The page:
Making Connections at the Bruce Museum


Michael Miller

The value of any museum is in the connections it inspires – between visitors and the exhibition, educators and the schoolchildren they work with, or family members as they explore the galleries.

To cap off 2017 a new connection was created at the Bruce Museum with members of Community Connections, a program managed by Greenwich High School that seeks to give students with special needs real-life job skills and work experience.

Following a series of training sessions led by Felipe Rodriguez Jr., the Bruce’s Supervisor of Security, three Community Connections students are now on duty in the museum galleries three days a week. A former police officer with the proverbial heart of gold, Rodriguez has fully embraced his new charges and role as mentor. “We give the kids a valuable purpose and teach them the importance of being here to keep both the art, and the people viewing it, safe.”

Rodriguez’s message has clearly been received by the new additions to the Bruce Security team, and the students are excited to take on their new responsibilities.

“I think it’s an important job to be a security guard,” Michael Miller says. “I talk to a lot of people about the Museum, and they tell me about themselves.”

“I say, ‘Welcome to the Museum’,” adds Rashadd Hill, “–And don’t touch the walls!”

There are 19 students currently enrolled in the Community Connections program, ranging in age from 18 to 21 and of all levels of ability. Celeste Vigliotti, the program’s coordinator and a Special Education teacher with the Greenwich Public Schools, has been with many of these students since they were in elementary school.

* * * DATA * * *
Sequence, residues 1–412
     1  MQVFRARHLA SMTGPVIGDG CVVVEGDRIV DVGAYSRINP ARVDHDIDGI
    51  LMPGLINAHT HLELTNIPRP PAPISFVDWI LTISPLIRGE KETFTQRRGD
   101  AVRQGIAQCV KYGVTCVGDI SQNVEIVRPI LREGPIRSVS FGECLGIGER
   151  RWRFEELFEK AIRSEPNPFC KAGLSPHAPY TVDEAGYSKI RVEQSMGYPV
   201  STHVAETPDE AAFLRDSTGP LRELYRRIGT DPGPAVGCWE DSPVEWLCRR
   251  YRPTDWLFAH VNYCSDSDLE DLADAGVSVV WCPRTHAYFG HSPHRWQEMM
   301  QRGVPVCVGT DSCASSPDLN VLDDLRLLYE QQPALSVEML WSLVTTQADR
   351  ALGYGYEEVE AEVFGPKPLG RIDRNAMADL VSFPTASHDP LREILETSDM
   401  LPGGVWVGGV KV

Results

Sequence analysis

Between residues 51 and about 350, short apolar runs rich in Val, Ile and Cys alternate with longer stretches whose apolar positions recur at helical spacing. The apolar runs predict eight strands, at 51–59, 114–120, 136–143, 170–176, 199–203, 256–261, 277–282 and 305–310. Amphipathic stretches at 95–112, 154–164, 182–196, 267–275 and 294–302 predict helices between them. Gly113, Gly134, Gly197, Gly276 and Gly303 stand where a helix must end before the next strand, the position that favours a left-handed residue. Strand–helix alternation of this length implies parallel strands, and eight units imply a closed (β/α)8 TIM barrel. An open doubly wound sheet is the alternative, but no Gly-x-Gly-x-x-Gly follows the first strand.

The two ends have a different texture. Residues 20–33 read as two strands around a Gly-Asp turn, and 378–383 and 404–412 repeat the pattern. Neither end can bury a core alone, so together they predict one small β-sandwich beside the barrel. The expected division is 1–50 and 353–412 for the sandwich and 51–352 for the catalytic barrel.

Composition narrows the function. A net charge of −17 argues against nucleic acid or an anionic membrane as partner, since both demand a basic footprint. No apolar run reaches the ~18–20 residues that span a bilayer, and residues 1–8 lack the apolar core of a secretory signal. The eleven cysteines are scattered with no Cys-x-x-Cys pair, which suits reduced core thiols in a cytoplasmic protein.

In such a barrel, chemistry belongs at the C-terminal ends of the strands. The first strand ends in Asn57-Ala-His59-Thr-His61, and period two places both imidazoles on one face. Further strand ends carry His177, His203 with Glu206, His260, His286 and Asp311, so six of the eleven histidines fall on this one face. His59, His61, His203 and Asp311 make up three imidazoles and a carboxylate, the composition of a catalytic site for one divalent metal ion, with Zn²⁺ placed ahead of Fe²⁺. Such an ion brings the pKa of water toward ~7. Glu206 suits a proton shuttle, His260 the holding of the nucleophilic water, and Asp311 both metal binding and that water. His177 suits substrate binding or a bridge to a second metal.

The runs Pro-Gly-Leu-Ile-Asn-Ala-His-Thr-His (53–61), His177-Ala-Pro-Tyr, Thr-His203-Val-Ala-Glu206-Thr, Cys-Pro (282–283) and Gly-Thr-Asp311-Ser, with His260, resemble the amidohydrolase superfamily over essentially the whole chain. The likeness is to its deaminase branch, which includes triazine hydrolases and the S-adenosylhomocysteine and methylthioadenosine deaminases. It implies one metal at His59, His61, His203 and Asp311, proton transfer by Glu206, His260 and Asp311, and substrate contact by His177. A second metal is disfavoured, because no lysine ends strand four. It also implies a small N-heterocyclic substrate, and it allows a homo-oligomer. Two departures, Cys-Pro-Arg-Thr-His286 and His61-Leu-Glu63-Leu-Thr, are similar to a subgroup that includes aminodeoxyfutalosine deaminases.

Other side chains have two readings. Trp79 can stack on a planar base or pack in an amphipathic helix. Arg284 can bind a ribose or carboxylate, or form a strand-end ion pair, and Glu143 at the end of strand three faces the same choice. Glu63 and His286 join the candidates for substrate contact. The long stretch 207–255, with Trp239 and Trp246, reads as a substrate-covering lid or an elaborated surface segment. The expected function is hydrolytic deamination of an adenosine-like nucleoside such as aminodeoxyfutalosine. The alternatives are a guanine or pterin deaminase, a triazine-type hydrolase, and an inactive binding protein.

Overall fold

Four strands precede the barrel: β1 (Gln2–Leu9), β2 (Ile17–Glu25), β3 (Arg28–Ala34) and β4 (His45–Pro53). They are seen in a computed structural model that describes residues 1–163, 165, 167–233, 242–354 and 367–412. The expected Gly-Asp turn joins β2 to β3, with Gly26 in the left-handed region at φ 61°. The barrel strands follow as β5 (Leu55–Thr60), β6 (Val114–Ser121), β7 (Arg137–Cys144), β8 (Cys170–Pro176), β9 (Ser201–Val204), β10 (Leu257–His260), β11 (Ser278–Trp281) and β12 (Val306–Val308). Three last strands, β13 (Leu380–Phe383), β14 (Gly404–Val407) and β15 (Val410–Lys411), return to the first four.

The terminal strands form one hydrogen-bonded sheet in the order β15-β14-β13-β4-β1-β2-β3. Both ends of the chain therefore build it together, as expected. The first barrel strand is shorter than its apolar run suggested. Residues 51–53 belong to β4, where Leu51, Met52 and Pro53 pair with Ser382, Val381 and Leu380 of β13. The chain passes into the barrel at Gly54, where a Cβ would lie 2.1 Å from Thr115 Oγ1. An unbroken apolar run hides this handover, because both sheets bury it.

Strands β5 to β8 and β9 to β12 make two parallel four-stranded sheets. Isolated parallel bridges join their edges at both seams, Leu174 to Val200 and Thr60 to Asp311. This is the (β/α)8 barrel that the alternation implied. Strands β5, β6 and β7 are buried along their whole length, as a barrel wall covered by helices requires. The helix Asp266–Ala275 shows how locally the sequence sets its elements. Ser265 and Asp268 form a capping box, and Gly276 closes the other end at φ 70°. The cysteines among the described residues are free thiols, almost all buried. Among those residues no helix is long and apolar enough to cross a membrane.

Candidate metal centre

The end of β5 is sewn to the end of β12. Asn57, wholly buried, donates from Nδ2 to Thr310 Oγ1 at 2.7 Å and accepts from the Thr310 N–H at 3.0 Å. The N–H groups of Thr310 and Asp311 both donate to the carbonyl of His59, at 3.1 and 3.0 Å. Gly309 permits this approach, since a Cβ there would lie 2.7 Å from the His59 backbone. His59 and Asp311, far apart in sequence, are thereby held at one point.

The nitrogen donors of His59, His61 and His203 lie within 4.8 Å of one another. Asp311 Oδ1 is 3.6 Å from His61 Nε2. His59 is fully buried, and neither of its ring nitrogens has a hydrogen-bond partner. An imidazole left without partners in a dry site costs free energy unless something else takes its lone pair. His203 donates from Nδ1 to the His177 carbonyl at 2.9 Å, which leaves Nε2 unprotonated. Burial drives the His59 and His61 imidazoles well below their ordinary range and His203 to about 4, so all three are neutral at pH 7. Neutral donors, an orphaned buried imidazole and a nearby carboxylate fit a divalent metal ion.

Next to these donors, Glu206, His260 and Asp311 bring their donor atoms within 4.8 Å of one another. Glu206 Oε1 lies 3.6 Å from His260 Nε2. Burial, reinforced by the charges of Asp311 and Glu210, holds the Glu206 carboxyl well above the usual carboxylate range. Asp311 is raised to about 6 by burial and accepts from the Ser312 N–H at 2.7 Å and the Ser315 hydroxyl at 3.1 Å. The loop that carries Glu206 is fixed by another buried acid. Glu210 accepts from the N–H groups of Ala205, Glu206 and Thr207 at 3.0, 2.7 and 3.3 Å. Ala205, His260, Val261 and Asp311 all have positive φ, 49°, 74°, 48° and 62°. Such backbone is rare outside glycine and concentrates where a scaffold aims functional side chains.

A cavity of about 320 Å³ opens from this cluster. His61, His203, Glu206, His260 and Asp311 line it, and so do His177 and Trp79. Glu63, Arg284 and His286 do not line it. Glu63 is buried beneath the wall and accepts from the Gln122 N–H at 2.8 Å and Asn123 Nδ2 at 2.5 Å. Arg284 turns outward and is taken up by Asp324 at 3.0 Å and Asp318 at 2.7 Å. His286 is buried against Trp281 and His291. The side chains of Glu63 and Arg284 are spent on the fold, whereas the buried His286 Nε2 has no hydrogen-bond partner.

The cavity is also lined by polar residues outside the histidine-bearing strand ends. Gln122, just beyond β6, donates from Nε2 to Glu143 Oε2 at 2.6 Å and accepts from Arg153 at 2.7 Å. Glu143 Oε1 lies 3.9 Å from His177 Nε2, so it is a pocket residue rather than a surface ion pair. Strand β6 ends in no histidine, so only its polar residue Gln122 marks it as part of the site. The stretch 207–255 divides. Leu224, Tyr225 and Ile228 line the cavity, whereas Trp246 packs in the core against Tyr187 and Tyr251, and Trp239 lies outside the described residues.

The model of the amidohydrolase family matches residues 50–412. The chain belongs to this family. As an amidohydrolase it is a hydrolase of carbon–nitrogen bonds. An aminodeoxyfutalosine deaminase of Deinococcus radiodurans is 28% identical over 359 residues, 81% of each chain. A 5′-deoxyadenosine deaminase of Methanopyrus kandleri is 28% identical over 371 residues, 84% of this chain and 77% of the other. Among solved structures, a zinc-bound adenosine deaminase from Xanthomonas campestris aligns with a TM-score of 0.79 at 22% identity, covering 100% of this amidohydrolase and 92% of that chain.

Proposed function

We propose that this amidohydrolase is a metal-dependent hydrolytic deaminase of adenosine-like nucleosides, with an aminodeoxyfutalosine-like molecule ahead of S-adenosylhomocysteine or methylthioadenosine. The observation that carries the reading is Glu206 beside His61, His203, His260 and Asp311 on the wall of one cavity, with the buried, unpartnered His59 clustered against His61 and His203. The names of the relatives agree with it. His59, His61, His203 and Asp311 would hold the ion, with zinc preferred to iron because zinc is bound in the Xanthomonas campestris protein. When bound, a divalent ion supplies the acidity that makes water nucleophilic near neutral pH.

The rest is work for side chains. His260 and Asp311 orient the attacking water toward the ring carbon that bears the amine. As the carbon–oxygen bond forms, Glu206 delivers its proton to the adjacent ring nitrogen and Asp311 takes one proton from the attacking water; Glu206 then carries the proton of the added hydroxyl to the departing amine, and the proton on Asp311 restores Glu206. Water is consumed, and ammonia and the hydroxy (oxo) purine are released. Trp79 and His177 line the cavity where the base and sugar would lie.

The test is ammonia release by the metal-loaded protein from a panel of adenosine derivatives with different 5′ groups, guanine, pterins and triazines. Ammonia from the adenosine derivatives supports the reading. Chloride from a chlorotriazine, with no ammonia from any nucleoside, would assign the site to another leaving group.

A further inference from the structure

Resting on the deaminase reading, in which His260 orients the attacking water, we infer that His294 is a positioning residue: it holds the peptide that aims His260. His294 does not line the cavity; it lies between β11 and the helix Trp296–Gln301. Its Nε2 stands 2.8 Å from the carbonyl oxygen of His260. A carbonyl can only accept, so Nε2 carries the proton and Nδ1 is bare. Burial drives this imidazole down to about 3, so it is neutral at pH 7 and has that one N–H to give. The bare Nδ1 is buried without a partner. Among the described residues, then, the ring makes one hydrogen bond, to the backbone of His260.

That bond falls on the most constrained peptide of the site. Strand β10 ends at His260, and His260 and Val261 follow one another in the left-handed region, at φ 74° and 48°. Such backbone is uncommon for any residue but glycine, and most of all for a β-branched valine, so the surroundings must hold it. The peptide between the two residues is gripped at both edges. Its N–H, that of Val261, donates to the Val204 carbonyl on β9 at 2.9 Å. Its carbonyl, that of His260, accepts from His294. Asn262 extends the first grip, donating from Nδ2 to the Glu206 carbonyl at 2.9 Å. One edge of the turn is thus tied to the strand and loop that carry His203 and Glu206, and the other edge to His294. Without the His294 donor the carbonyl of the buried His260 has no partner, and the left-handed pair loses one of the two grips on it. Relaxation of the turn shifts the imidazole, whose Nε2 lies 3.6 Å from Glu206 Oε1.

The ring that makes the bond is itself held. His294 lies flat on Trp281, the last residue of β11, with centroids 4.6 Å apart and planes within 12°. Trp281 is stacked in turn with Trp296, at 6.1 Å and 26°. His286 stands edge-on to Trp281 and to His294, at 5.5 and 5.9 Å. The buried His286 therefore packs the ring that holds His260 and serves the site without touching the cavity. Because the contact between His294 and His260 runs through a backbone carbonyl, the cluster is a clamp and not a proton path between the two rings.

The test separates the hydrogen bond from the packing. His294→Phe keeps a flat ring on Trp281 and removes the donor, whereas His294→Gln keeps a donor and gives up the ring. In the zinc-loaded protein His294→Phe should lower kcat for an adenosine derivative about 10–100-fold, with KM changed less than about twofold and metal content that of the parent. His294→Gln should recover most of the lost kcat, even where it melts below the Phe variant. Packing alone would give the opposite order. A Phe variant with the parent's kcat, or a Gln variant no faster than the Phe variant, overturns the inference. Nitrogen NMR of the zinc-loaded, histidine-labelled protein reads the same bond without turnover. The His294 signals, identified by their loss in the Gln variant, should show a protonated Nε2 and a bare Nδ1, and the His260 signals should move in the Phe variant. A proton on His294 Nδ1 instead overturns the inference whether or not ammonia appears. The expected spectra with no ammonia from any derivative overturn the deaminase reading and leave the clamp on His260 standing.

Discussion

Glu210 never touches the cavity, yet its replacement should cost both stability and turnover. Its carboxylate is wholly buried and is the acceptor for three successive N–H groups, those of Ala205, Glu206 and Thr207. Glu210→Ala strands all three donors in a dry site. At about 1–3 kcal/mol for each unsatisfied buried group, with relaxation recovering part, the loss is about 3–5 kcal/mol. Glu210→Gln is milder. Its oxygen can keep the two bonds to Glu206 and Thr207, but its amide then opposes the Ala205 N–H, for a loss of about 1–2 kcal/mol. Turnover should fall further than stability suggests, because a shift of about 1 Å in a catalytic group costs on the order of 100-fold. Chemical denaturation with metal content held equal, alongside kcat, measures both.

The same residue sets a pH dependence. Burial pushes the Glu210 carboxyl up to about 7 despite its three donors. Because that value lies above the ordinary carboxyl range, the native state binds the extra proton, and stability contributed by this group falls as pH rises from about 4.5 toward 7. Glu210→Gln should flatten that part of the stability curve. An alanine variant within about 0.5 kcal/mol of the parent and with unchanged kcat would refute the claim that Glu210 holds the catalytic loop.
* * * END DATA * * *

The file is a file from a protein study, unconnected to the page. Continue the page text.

“Greenwich does such a great job including these kids in their educational programs on through high school,” says Vigliotti. “Our goal with Community Connections is to not have them hit a wall when they are transitioning into their post-education life, but rather to give them work experiences and to develop skills that will allow them to be self-sustaining at the level that’s appropriate for each of them.

“The goal is to teach them how to work in the real world, giving them the work place skills that many of us take for granted,” Vigliotti adds.

Other students from Community Connections are currently placed with the Town’s Parks and Recreation Department, the Cos Cob Library, the YMCA, and Walgreens. The students’ wages are provided by the Community Connections program. The Bruce has been able to take on three students to date, with the hope that suitable positions for more students will be found.

Like any good connection, the positive impact goes both ways. Rodriguez puts it best in speaking for the Bruce staff: “These kids give us the unique experience of showing us that people with differing abilities are capable of doing a lot more than people might think.”

To learn more about the Community Connections program, please contact Celeste Vigliotti or Dawn Russel at 203-413-8400, ext. 7509.

Rashadd Hill (left) and Felipe Rodriguez.

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